“Just a few weeks ago we started in Montefalco and I won a grand prix with her, and then we came straight to Rome which is a dream come true because the atmosphere here is incredible. To finish like this in a grand prix like this is just a beginning for us ‒ it is very exciting!”
Talking about today’s jump-off, Fredricson said, “I walked the course and knew exactly how I wanted to do it. I took some extra time with my turns without losing the rhythm and then got a nice distance to the last one. I think Andre had more strides but with a faster horse….anyway you were two seconds faster than me,” he pointed out, looking at the winner. But he wasn’t getting away with that…”it was three seconds actually!” Thieme replied with a laugh.
Thieme said he didn’t watch anyone else jumping off. “I was only concentrating on me and my horse and my plan,” he pointed out.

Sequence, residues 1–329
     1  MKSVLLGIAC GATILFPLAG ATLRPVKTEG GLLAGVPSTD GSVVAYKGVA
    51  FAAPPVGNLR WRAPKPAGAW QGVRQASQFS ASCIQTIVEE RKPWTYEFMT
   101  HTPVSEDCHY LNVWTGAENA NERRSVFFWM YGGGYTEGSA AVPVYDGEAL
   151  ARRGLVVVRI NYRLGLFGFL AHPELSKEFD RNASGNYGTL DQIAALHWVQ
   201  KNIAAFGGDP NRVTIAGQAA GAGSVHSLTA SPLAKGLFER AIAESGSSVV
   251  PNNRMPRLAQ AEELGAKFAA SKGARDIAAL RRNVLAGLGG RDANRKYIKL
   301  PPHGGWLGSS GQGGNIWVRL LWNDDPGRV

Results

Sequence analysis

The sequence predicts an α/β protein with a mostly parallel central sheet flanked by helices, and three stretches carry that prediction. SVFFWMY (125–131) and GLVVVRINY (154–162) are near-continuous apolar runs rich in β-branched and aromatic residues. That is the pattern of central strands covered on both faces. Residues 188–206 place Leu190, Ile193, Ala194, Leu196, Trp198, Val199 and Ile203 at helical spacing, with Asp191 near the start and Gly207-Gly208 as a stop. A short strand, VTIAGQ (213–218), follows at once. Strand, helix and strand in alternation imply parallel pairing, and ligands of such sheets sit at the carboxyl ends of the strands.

“When I heard a few people were slipping after the third fence I was thinking it would be faster if I go really tight and I think it was a good decision ‒ I went full risk but I could trust her and I knew I was quick so I was careful at the vertical (second last) and when I went through the finish and saw I was in the lead I was surprised. But when I came out everybody said that was probably it.
“I don’t want to say I was lucky because I was very afraid of the French (Julien Epaillard) and I felt very bad for Laura Kraut when she slipped in that turn, but it was meant to be for me today!” he concluded.
Complete results here.